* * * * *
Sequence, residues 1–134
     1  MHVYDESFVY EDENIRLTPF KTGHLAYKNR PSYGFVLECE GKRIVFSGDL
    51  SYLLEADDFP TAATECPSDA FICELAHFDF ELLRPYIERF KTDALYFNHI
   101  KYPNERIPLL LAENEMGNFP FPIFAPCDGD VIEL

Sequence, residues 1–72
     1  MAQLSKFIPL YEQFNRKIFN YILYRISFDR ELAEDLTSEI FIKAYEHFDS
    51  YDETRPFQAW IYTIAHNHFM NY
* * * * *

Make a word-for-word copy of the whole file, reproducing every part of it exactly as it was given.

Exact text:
Sequence, residues 1–134
     1  MHVYDESFVY EDENIRLTPF KTGHLAYKNR PSYGFVLECE GKRIVFSGDL
    51  SYLLEADDFP TAATECPSDA FICELAHFDF ELLRPYIERF KTDALYFNHI
   101  KYPNERIPLL LAENEMGNFP FPIFAPCDGD VIEL

Sequence, residues 1–72
     1  MAQLSKFIPL YEQFNRKIFN YILYRISFDR ELAEDLTSEI FIKAYEHFDS
    51  YDETRPFQAW IYTIAHNHFM NY